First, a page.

Used car sales were down 8.9 per cent in the first quarter of 2021 year-on-year, according to the latest data from the Society of Motor Manufacturers and Traders (SMMT).
However, the figures showed that the market was rebounding significantly in March with sales up 32.2 per cent year-on-year.
Some 1,687,755 used car transactions took place in Q1, with the overall decline driven by large falls in January (down 27.1 per cent) and February (down 19.4 per cent) while showrooms were shut and travel restrictions were in place.
While these figures compare to a difficult March in 2020, 638,570 of the sales in Q1 were made in this month alone.
Used car transactions were down 8.4 per cent compared to March 2019.
A Car Dealer investigation, released this morning, found the used car market will likely be supercharged throughout 2021 as new car supply is restricted further and the growth seen in March is only the start.
The investigation found that the semiconductor shortage was the biggest problem facing the new car industry, and will likely drive even more demand into the used car market.
Predictions are that this issue persist, with supply problems really expected to set in during the second half of 2021.
SMMT chief executive Mike Hawes was reserving judgement on the extent of the growth with last year’s figures hindered by the worst of the lockdowns.
He said: ‘These figures lay bare the turbulent impact of coronavirus lockdowns on the used car market and, while March’s performance suggests there is some pent-up demand, this is against a weak month last year, so its true extent remains to be seen.
‘The second quarter will see significant growth as last year’s April and May markets were severely limited by lockdown measures.
‘It’s vital that the used market is rejuvenated to help sustain jobs and livelihoods, drive fleet renewal and support environmental progress.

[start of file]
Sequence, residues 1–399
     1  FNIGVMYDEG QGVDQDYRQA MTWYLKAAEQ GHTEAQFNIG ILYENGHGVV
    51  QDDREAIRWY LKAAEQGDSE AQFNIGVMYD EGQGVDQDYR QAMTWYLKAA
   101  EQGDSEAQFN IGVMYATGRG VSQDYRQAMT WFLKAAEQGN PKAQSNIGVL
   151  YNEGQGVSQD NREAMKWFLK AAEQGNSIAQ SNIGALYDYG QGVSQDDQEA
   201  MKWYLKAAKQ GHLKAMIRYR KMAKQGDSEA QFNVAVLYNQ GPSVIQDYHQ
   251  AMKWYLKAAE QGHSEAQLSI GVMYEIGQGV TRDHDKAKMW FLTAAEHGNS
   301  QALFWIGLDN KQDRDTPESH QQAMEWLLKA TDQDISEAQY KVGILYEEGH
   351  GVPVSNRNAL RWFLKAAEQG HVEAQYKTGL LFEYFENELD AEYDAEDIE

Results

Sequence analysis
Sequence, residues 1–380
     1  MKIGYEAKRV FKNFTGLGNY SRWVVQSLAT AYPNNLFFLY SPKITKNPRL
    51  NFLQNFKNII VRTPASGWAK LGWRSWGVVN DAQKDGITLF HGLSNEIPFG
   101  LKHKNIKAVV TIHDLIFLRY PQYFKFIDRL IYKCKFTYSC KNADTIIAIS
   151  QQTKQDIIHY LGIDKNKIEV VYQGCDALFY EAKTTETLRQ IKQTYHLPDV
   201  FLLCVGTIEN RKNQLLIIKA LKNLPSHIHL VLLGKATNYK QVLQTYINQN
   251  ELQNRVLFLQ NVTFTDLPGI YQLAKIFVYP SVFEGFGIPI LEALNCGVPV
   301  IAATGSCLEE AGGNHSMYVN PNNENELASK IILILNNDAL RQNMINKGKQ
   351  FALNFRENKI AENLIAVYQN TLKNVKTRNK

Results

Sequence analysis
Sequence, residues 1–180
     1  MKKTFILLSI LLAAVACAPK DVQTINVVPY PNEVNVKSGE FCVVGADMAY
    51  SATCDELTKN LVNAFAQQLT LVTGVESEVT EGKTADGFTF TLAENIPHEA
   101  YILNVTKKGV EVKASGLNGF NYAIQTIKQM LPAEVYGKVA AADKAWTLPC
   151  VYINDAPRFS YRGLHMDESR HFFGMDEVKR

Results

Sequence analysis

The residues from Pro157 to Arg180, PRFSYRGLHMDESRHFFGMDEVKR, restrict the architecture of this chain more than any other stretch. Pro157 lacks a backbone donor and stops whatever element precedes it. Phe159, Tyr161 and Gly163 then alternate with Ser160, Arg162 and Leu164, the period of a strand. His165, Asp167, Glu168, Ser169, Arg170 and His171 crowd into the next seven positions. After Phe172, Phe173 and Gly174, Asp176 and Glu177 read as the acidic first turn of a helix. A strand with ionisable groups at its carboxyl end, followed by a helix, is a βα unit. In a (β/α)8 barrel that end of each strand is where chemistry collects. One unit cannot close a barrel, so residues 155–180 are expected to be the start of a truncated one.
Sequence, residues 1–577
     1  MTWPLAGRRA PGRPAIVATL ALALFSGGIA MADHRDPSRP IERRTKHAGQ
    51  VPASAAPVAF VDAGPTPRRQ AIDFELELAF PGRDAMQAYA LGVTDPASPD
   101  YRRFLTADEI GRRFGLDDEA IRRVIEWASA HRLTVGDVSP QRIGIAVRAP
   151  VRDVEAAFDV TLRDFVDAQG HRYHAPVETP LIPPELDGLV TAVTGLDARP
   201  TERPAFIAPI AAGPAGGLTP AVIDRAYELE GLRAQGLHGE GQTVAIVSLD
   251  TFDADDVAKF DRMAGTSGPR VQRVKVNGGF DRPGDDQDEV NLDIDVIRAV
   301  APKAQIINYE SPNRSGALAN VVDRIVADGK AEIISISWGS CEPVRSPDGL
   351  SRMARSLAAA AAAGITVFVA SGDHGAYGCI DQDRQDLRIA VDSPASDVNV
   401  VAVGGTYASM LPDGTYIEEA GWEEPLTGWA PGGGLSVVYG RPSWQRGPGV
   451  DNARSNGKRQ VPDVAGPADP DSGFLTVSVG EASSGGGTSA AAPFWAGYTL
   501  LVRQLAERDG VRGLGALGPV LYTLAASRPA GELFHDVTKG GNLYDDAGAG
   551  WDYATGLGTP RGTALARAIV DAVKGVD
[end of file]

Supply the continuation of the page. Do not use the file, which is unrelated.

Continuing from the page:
‘With car showrooms open again and the UK coming out of Covid restrictions, the sector can look forward with renewed optimism.’
Jim Holder, editorial director of What Car?, said about the results: ‘Retailers are reporting strong used car demand, and pinning much of their financial recovery on the market remaining buoyant.
‘To date, since lockdown eased, demand is reported to have been incredibly strong – but it is imperative that the momentum continues.
‘To some degree this has also been boosted by new car stock delays caused by the global shortage of semi-conductors, prompting some buyers to look at nearly new models as an alternative.
‘Our latest research of 2659 in-market buyers found 36 per cent of new car buyers are looking to switch to nearly new or used models if their vehicle cannot be delivered in time.
‘For consumers however, that does mean that used prices are rising – and that trend looks set to continue while demand is strong and supply relatively weak.’
Meanwhile, Auto Trader director Ian Plummer added: ‘As you’d expect when comparing against a pre-pandemic January and February, 2021 looks to have had a slow start.
‘However, given the context of closed showrooms, the performance of the used car market in Q1 is very positive and highlights the success retailers made of their buy online channels.
‘Even factoring in the influence of Covid, which had only just started to be felt last year, March was incredibly strong and I doubt many within the industry would have ever believed that circa 90 per cent of ‘normal’ sales volumes could have been achieved from online alone.’
Plummer also commented that Auto Trader believes ‘used car demand will continue apace for some time to come’, although he added that the months ahead will still have it’s challenges.
CarGurus’ director of Industry Insights & Analytics, Kevin Roberts, also said: ‘The ongoing semiconductor shortage is directly impacting new vehicle availability which is likely to have a cross over impact on used as well.
‘With demand for private mobility increased in a post COVID environment historically new shoppers may look to used which could further decrease used obtainability and increase prices.
‘With the semiconductor shortage expected to impact production through at least the second quarter we should expect the impact on new & used to last until at least the third quarter and potentially longer.’